The Stamp Act, instated by Parliament in 1765, was the first internal tax added to the cost of products, paper goods, including newspapers, almanacs, legal documents, diplomas, playing cards, dice, and marriage certificates. The act was poorly timed, imposed during an economic depression of rampant unemployment, inflation, and poverty. British mercantile houses withheld credit for businesses in New York and called in debts from tradesmen and shopkeepers, creating a ripple effect on artisans and farmers. With an influx of cheap clothing and furniture from England’s overstocked warehouses, local artisans and businesses found it more and more difficult to compete. As domestic purchasing declined, colonial currency lost its value. Shops closed, merchants went bankrupt, and laborers lost their work and wages. The recently built New Gaol [Jail] in today’s City Hall Park became a debtors’ prison occupied by many of those affected by the depression. A New Yorker at the time remarked that “trade in this part of the world is come to so wretched a pass that you would imagine the plague had been here.”[i] The Stamp Act not only set a precedent for adding a tax on top of the cost of goods, but most flagrantly violated the British constitutional precept of “no taxation without representation.”[ii] In defiance, the newly formed Sons of Liberty advocated for a nonimportation pact among the colonists until the tax was repealed. Nine of the thirteen colonies met at the old City Hall on Wall Street in October 1765, in what was called the Stamp Act Congress, and agreed to halt the import of British goods until the act was repealed:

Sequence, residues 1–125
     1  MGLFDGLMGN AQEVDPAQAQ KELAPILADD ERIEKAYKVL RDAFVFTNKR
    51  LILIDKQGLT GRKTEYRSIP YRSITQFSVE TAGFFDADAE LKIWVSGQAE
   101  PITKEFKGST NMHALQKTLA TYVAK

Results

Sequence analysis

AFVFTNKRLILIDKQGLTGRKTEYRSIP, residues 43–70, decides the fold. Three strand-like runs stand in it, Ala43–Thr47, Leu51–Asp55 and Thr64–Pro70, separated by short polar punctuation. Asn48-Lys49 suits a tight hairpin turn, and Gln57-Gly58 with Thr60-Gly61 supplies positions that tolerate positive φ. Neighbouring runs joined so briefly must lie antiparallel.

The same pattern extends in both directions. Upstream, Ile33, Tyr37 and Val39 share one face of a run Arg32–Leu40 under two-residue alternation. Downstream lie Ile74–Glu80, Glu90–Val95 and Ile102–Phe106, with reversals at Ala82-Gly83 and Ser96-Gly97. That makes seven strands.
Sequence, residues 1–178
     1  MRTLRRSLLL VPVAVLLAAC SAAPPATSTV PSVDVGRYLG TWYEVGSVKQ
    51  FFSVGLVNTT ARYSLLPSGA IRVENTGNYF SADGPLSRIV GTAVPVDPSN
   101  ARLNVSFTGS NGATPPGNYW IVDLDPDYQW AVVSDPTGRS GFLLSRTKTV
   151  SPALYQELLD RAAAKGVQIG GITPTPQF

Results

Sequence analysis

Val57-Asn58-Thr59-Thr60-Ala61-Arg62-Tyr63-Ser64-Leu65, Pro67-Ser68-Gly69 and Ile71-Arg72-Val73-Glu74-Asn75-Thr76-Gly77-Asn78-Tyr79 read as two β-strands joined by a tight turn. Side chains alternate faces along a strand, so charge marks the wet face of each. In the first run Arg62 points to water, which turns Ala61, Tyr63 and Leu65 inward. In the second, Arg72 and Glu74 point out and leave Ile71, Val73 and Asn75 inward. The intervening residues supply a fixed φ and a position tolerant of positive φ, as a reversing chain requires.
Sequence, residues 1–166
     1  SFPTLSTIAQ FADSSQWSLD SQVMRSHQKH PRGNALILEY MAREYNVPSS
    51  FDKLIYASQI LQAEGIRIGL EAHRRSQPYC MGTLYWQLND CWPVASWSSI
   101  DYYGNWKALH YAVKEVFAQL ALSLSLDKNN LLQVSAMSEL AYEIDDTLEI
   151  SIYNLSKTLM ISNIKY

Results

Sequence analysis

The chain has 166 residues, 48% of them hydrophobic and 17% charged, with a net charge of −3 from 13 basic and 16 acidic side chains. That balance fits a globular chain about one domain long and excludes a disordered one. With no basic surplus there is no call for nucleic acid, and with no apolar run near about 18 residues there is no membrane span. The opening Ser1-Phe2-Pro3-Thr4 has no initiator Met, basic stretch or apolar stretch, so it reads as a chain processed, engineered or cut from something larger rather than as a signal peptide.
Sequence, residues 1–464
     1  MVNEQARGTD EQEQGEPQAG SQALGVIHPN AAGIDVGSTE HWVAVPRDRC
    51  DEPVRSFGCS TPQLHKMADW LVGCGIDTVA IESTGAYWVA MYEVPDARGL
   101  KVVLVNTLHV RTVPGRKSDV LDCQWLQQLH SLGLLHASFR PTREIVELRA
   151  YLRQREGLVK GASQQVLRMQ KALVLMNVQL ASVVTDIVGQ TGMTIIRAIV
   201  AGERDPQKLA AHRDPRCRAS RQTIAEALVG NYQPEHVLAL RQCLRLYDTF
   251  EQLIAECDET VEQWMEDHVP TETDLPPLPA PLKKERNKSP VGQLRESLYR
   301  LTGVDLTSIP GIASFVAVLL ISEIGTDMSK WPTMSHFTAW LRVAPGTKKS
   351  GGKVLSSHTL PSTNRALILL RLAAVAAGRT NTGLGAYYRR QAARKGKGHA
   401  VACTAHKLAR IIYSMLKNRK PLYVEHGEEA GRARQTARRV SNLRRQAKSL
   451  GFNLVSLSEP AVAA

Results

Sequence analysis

At a general Meeting of the Merchants of the City of New-York, trading to Great-Britain…they came to the following Resolutions…That in all Orders they send out to Great-Britain, for Goods or Merchandize, of any Nature, Kind of Quality whatsoever, usually imported from Great-Britain, they will direct their Correspondents not to ship them, unless the Stamp Act be repealed.[iii]
[i] Edwin G. Burrows and Mike Wallace, Gotham: A History of New York City to 1898, (New York: Oxford University Press, 1988), 192.
[ii] Burrows and Wallace, Gotham, 198.
[iii] “No stamped paper to be had,” Philadelphia: Printed by Hall & Franklin. Philadelphia, 1765, Library of Congress, https://www.loc.gov/item/98160405 (accessed March 5, 2020).